Stony Brook University and one of its most talented students made history on the weekend of April 21-22 as Ju Hyeon Han became the first blind singer to be cast in a leading role in an American conservatory or university opera production.
The production was Benjamin Britten’s The Rape of Lucretia, a challenging work undertaken by Stony Brook Opera and staged at the Staller Center Main Stage on April 22 and 23. Ju Hyeon, who is in her fourth year of a Doctor of Musical Arts in Vocal Performance degree, took on the major role of Female Chorus, which “speaks” throughout the opera for the female characters.
For Ju Hyeon, who lost her sight as a baby, it represented the fulfillment of a life’s dream.
“I feel so honored that Stony Brook gave me this amazing opportunity,” said Ju Hyeon. “So many people told me that it would never happen, that opera would be impossible for me and I shouldn’t even try. However, the SBU voice faculty are very open-minded and they wholeheartedly embrace the belief that a university is an educational institution so that I should get the same education and opportunities that my sighted colleagues are getting.”
As expected, there were numerous challenges for Ju Hyeon, such as being unable to get visual cues from conductor Tim Long. Ju Hyeon solved this problem by putting in extra work to learn the musical score so thoroughly so that if something went awry she would be able to fix it on the fly.
Then there was the challenge of playing a part that might not feel true to character. Director Ted Altschuler decided to use Ju Hyeon’s blindness as part of her character, attributing her lack of sight to a war injury.
“I haven’t had to pretend to be something I’m not and this permitted me to really get inside of the character of the female chorus, draw from my own life experiences, from the libretto and the music, and make the character my own,” she said.
Ju Hyeon also had to be careful moving about the stage. “Ted always had me close to something physical I could touch so I knew where I was at all times and never felt unsafe,” she said.
The cast also had her back. “Because my area was close to the orchestra pit, during our first rehearsal someone would call out and warn me it they thought I was getting too close to it,” she said.
Ju Hyeon’s teacher, Randall Scarlata, helped the classically trained singer also overcome any vocal challenges that arose during rehearsal.
This wasn’t Ju Hyeon’s first Stony Brook concert by a long shot but it was her first fully staged opera role. The singer with the two-and-a-half-octave range who also plays piano, flute and violin, has performed with the Baroque Ensemble, with the Stony Brook University Orchestra and with the Stony Brook Chorale.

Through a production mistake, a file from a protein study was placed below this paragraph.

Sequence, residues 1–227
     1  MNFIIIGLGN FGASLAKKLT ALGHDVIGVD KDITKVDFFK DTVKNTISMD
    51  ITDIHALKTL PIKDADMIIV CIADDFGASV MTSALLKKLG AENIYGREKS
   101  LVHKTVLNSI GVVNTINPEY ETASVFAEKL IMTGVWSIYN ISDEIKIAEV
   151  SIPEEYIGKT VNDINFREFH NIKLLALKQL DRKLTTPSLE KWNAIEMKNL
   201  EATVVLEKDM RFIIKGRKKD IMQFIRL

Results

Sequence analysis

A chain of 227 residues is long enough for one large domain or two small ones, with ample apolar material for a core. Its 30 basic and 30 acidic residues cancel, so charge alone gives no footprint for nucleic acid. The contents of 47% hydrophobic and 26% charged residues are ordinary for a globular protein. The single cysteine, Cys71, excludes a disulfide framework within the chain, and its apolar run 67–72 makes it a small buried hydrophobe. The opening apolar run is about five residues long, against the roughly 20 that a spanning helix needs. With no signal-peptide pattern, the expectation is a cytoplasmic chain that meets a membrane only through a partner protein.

“Ever since I can remember, I’ve had a burning desire to sing and make music my life,” Ju Hyeon said. For inspiration she looked to Maria Callas, Janet Baker, Dietrich Fischer-Dieskau and Renee Fleming.
“I have loved working with Ju Hyeon and the experience is different than some might think,” said Long. “She has perfect pitch and a very quick memory and is quite independent. Because she cannot see, she often learns scores more completely than sighted singers. She’s acutely aware of orchestrations and beats. You might think that there would be an issue but there is none. I adore her and am extremely proud of her.”
Perry Goldstein, chair of the Department of Music, concurs. “Since Ju Hyeon came to Stony Brook, she has overcome every obstacle in the way of getting the most out of her education. She is carrying a perfect grade point average and she has never shied away from a challenge. She approaches everything with great humor and a “can-do” attitude that is an inspiration.”
After she finishes her doctoral studies Ju Hyeon plans to audition for opera companies, apply for teaching jobs at both the college level and with younger students who have special needs or figure out a way to launch a career as a concert singer.
“I am particularly interested in taking classical vocal music to the community, hospitals, school, nursing homes and group homes for adults with disabilities and would love to pair a musical program with inspirational speaking. I’ve had a life full of adventures and l would love to share my life story to show that life is good even with a disability and blindness is nothing to fear.”
Aside from music, Ju Hyeon counts her white cat Emma and black Labrador guide dog Giada as her passions. “My animals help ground me and give me unconditional love and laughter every day,” she said. “I can’t tell you how good it is to come home to a purring cat or to have a dog to hug during breaks in rehearsals, particularly after highly emotional scenes. Of course, Giada is my eyes, my hero and my constant companion. I commute from Brooklyn to Stony Brook and Giada has saved my life several times, putting herself between me and a car that is turning without looking and keeping me away from the edge of train platforms.”
Lacking sight does not prevent Ju Hyeon from seeing the big picture — breaking ground for others. “I really hope other educational institutions and professional opera companies will see this opera and give the same opportunities to other blind singers out there, because with creative and open-minded directors and conductors, inclusion definitely works.”
— Glenn Jochum